Home / Photography / Portrait / Fairytale-Inspired Portraits Reimagine Disney Princesses as Regal Young Black Girls

Fairytale-Inspired Portraits Reimagine Disney Princesses as Regal Young Black Girls

Disney Princesses Reimagined

“Princess Amethyst,” inspired by Rapunzel

Thanks to a collaborative effort between makeup artist and hairstylist LaChanda Gatson and CreativeSoul Photography, Disney princesses have been beautifully reimagined as young Black girls. Aptly called Princess Series, the stunning portraits feature the girls made up from head to toe to capture the essence of characters like Snow White and Ariel. But Gaston, who also provided creative direction, gave the subjects their own style and reference to culture; their outfits are complete with gorgeous accessories and couture-style gowns that are more dazzling than the characters they reference.

The Princess Series was created with the goal of inspiring “more girls around the world to start seeing themselves as regal princesses.” Gaston created the concept for it many years ago—when she was a kid, in fact. “The idea was developed early on in childhood from the consistent lack of representation of Black children in almost all forms of media where children play a significant part,” she tells My Modern Met. “Even though I loved watching and reading fairytales and fantasy, I would often reimagine these characters more relatable to me and my culture.”

“These princesses were reimagined from a collection of fictional princesses and global fairytales,” Gaston explains, “ones I grew to love throughout my years. I reimagined them as Black urban royalty. I chose a team of talented Black creatives and created the change I wanted to see.”

Ultimately, Gaston hopes the striking series will help to inspire change. “I hope this series is just the beginning of endless opportunities for inclusion and more Black creativity in fantasy. Let’s continue to have a conversation and understand that our children matter too.”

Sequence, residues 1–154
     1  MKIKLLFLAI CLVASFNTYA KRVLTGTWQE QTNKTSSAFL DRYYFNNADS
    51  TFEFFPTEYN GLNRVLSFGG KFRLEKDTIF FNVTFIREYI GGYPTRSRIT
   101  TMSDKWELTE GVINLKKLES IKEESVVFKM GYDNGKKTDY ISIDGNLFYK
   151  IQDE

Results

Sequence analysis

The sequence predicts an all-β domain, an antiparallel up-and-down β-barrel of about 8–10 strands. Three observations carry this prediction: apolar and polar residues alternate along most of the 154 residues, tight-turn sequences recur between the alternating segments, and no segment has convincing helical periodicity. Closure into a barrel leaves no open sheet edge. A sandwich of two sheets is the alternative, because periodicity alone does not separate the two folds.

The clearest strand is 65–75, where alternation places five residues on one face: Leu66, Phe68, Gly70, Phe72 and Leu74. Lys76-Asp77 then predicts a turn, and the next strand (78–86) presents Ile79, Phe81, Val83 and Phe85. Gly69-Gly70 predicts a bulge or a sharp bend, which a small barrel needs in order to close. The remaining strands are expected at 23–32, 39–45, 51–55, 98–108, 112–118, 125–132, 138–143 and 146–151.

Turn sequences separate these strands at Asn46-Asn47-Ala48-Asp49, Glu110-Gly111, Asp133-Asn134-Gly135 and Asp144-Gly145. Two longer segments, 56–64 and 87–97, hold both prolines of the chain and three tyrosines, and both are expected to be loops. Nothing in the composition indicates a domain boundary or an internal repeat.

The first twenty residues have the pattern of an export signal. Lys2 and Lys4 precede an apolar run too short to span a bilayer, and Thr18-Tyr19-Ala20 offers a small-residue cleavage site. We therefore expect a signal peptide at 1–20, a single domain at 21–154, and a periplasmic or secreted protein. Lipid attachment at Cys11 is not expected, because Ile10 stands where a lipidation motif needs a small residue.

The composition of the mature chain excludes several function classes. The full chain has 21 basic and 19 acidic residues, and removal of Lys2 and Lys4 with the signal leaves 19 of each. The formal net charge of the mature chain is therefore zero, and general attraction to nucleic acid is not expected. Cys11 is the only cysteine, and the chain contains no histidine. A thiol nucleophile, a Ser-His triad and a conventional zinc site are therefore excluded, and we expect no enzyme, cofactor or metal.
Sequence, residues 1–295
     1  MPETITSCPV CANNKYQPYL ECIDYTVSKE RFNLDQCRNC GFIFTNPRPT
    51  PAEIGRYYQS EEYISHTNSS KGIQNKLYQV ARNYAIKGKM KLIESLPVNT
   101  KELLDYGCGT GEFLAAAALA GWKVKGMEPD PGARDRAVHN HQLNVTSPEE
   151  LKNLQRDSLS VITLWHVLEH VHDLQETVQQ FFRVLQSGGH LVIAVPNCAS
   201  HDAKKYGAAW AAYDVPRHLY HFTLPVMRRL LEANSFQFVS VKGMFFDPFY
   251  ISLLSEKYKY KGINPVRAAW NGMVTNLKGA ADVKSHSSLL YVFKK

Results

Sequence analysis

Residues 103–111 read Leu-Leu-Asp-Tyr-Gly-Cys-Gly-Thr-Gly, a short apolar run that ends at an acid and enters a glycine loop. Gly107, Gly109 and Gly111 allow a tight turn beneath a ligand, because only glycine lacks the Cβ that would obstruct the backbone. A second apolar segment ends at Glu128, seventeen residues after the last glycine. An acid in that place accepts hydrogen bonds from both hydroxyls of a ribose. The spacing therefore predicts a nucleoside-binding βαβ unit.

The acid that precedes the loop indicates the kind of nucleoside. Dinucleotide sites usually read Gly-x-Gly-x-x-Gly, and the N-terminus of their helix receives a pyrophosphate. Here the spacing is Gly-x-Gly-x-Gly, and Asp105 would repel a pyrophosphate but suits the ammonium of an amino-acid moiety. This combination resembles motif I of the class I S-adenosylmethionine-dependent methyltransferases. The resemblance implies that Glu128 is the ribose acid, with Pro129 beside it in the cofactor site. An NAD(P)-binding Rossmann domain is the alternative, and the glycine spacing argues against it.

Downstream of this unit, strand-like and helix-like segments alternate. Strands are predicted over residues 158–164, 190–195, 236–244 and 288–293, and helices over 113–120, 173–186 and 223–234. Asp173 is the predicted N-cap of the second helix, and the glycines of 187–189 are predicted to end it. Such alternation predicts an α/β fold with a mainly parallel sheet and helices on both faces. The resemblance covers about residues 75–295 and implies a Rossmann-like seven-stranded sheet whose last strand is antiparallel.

CreativeSoul Photography is selling the portraits as prints. They’re now available on their website.

Makeup artist and hairstylist LaChanda Gatson and CreativeSoul Photography collaborated on a gorgeous series of portraits in which Disney princesses are reimagined as young Black girls.

Black Disney Princesses

“Princess Rose Quartz,” inspired by Princess Aurora from “Sleeping Beauty”

Black Disney Princesses

“Princess Onyx,” inspired by Pocahontas

Disney Princesses Reimagined

“Princess Emerald,” inspired by Tiana from “The Princess and the Frog”

Disney Princesses Reimagined

“Princess Garnet,” inspired by Snow White

Disney Princesses Reimagined

“Princess Jade,” inspired by Cinderella

Disney Princesses Reimagined

“Princess Moonstone,” inspired by Elsa from “Frozen”

Disney Princesses Reimagined

“Princess Diamond,” inspired by Anna from “Frozen”

Disney Princesses Reimagined

“Princess Obsidian,” inspired by Shuri from “Black Panther”

Disney Princesses Reimagined

“Princess Citrine,” inspired by Belle from “Beauty and the Beast”

Black Disney Princesses

“Princess Tigers Eye,” inspired by Nala from “The Lion King”

Black Disney Princesses

“Princess Turquoise,” inspired by Jasmine from “Aladdin”

Disney Princesses Reimagined

“Princess Amber,” inspired by Moana

Disney Princesses Reimagined

“Princess Aquamarine,” inspired by Ariel from “The Little Mermaid”

CreativeSoul Photography: Website | Facebook | Instagram
LaChanda Gaston: Instagram | Facebook

My Modern Met granted permission to feature photos by CreativeSoul Photography.

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Sara Barnes

Sara Barnes is a Staff Editor at My Modern Met and Manager of My Modern Met Store. As an illustrator and writer living in Seattle, she chronicles illustration, embroidery, and beyond through her blog Brown Paper Bag and Instagram @brwnpaperbag. She wrote a book about embroidery artist Sarah K. Benning titled 'Embroidered Life' that was published by Chronicle Books in 2019. Sara is a graduate of the Maryland Institute College of Art. She earned her BFA in Illustration in 2008 and MFA in Illustration Practice in 2013.

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